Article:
So you begin to wonder if the world had seen Philando Castile or Terence Crutcher or Jordan Edwards as beautiful, perhaps they might be with us today. We are desperate to be rendered visible. We want to be acknowledged by others, assured and held tight. In the heritage of American horrors, black men and boys have paid a particular price for this desire to be seen — and all for what? To be granted some semblance of selfhood, of humanity. It is rarely spoken, but I think men enter the barbershop seeking a form of beauty, be it in their physical appearance or their inner self. Maybe it’s clarity with regard to a personal issue, or the ease of fellowship the space provides. Maybe after a burdensome week, you are in need of release among your tribe. These are intimacies camouflaged in a simple request: Look at me.
For all the regressive politics about sexuality or gender it sometimes harbors, the black barbershop has remained a space of pride, community, and reflection across generations, much in the same way the black church has. Much of its power is culled from its communal ethos: for hours, men rhapsodize about sports or dating or music or The First Black President. In this way, the space is a lot like fire — it crackles and yaps and roars. It is a warmth desperately yearned for. An identity less afforded to the barbershop is how intimate and vulnerable of a place it can be. The hiss of clippers clicks on, and your head suddenly becomes a canvas — it is the barber as sculptor and as counselor. Maybe he cradles your head like so, fading your sides with a hushed confidence, or maybe he tilts your chin upward, lining your beard and going on about his kids and the importance of “being there” for people when they need you. If barbering is a kind of art, then the relationship the barber has to his artwork, the client, is defined by these moments of tenderness and a genuine, knowing trust.
“In a lot of ways, barbers are our therapists. The shop is where I learned what being a black man was about early on,” my friend T recently told me. “Unlike every other convening or environment that I have been in, there were not many places that all men got together and could talk freely. I remember going into the barbershop one Saturday without an appointment and ended up being there for eight hours. I just sat and watched boys and men from different walks of life come in a get their hair cut in a personalized way, which made me realize that barbers are, in part, responsible for how we develop and reinforce our identity.”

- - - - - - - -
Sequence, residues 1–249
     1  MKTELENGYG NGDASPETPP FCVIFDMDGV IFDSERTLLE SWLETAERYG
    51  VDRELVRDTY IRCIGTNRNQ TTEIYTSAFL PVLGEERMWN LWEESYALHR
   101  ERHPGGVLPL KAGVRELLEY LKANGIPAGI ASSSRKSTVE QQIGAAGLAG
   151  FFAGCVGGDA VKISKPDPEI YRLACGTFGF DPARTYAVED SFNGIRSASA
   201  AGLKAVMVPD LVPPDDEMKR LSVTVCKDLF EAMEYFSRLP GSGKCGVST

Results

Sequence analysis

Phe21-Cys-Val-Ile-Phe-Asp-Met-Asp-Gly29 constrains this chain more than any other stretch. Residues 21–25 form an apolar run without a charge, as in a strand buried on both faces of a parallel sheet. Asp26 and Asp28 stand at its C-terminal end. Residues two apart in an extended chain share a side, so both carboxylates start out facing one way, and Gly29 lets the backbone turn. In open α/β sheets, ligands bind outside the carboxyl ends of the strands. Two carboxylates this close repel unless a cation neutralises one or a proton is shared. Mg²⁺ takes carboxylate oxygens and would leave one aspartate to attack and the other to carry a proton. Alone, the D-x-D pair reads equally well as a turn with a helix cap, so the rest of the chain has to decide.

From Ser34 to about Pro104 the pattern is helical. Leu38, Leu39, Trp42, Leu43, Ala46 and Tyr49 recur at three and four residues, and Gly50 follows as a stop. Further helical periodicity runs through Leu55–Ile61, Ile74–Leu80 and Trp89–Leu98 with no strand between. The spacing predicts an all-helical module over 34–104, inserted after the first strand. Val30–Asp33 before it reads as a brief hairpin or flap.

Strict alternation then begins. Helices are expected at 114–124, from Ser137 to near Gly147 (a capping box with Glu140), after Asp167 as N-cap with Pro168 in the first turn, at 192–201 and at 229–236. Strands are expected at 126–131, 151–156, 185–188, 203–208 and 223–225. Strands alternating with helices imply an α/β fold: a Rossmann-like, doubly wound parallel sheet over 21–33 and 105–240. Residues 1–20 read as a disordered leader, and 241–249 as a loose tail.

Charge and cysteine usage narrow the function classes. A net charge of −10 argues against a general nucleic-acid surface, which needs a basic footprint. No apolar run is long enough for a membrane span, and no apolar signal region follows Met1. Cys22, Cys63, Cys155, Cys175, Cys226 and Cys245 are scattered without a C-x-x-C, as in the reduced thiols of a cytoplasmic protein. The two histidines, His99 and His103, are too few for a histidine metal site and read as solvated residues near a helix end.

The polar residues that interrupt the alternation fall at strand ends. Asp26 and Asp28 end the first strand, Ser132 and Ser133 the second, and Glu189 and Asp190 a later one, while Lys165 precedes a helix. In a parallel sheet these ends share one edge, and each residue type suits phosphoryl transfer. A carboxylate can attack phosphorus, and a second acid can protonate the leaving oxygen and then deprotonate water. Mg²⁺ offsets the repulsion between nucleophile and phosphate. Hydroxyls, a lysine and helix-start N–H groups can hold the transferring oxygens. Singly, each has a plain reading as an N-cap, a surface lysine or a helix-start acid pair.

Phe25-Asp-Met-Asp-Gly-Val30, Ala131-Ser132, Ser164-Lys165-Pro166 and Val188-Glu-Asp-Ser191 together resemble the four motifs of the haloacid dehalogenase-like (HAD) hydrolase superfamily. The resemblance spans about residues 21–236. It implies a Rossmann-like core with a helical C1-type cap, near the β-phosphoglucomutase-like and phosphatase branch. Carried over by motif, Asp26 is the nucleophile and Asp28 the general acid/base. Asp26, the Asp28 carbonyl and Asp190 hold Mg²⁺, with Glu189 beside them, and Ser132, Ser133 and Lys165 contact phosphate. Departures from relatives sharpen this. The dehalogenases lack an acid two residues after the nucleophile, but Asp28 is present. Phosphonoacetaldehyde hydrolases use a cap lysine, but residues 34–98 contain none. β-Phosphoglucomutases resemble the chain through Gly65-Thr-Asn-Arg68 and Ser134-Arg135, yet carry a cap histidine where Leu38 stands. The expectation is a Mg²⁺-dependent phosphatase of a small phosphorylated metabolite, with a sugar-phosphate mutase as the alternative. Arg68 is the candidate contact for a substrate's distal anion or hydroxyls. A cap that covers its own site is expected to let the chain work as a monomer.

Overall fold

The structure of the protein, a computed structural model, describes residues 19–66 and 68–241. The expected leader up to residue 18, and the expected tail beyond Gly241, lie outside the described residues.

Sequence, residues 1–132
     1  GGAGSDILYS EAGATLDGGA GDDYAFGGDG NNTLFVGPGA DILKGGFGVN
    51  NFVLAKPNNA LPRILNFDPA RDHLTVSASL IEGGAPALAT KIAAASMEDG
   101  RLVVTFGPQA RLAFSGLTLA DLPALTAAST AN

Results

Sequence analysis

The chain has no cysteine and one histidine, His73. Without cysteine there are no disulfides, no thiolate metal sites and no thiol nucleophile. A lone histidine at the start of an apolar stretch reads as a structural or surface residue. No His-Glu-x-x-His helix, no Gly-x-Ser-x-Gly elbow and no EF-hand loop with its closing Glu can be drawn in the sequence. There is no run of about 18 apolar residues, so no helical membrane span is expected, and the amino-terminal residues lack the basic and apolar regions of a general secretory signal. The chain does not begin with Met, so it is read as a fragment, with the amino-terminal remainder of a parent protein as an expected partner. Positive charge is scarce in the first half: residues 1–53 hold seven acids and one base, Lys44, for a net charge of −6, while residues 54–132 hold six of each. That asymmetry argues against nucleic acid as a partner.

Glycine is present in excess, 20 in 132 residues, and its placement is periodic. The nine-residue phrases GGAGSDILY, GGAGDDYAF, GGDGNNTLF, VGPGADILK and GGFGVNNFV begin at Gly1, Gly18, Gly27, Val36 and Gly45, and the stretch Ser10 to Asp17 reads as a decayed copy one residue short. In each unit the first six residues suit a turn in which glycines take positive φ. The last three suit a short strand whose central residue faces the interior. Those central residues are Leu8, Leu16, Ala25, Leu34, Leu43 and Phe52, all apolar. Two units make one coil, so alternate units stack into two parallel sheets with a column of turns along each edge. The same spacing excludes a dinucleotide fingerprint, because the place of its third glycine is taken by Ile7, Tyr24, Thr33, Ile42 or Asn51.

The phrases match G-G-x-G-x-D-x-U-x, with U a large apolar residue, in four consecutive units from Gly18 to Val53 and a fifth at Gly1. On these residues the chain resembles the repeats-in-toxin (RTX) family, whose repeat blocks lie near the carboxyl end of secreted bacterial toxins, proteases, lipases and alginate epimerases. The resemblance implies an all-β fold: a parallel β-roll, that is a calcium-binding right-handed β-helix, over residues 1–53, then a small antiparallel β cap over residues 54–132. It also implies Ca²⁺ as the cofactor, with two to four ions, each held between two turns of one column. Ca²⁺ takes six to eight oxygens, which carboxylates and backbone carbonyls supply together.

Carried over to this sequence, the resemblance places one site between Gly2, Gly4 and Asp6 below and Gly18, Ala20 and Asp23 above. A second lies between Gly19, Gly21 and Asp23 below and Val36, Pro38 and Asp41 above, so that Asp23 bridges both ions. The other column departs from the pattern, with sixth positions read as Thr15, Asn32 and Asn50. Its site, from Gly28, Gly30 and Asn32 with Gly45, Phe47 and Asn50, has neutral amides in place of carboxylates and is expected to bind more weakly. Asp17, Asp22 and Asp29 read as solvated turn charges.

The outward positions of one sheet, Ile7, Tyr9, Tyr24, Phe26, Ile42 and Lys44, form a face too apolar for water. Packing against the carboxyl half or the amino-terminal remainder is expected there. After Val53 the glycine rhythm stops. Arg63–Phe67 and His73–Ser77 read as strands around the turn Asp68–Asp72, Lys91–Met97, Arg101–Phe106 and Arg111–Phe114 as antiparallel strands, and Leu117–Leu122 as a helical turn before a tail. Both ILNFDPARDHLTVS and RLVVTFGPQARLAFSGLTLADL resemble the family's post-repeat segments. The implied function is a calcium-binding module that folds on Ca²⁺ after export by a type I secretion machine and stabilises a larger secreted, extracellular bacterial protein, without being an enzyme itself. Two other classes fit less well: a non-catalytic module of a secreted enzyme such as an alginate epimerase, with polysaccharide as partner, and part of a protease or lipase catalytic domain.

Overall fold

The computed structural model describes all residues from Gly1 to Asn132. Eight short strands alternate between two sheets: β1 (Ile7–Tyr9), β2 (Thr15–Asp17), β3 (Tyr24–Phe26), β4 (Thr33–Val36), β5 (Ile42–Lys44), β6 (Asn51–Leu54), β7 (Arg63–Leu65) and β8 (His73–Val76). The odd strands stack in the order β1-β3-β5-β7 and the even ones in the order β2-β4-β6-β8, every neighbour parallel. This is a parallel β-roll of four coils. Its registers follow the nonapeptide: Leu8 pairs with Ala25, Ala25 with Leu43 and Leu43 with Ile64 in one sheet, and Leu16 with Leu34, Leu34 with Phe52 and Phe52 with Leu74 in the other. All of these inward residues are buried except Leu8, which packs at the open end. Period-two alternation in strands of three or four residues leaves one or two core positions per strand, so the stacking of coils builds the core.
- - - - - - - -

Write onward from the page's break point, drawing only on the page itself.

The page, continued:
Damon Young, writing on Very Smart Brothas, once phrased it another way: “It is not uncommon to enter the shop with a terrible, Fraggle Rock shape up and a serious bout of depression and leave with a cut that bumps you up from a ‘hard five’ to a ‘decent seven,’ a smile, a new outlook on life, actual life insurance, and bootlegged copies of Straight Outta Compton and Booty Talk 72.”
I was looking to be trans-formed last May. In a way, I needed to be put back together. A haircut, for me, has become a restorative experience. At its best, it transforms — mind, body, soul. Maybe when I walked in, my barber Deron knew something was up. I’m sure he’d seen a familiar despondency in others before. And wasn’t that just it? Me wanting to be seen and him seeing me? A haircut isn’t a cure-all — for much of the year the dark patches were the root of private embarrassment; a self-imposed psychological mindfuck — but a clean fade and a shape up can be a lifeline, a saving grace.
The shop pulsed with a warm energy that evening. A chorus of men who spoke to each other with furious excitement were consumed by ESPN and talk of playoff basketball. Like each time before, Deron began in the same manner: he draped a thin red cape over my body and asked, “What we doing?” I told him “the usual.” He clicked on his clippers and I closed my eyes. And then I thought to myself: The body breaks. But it can be remade.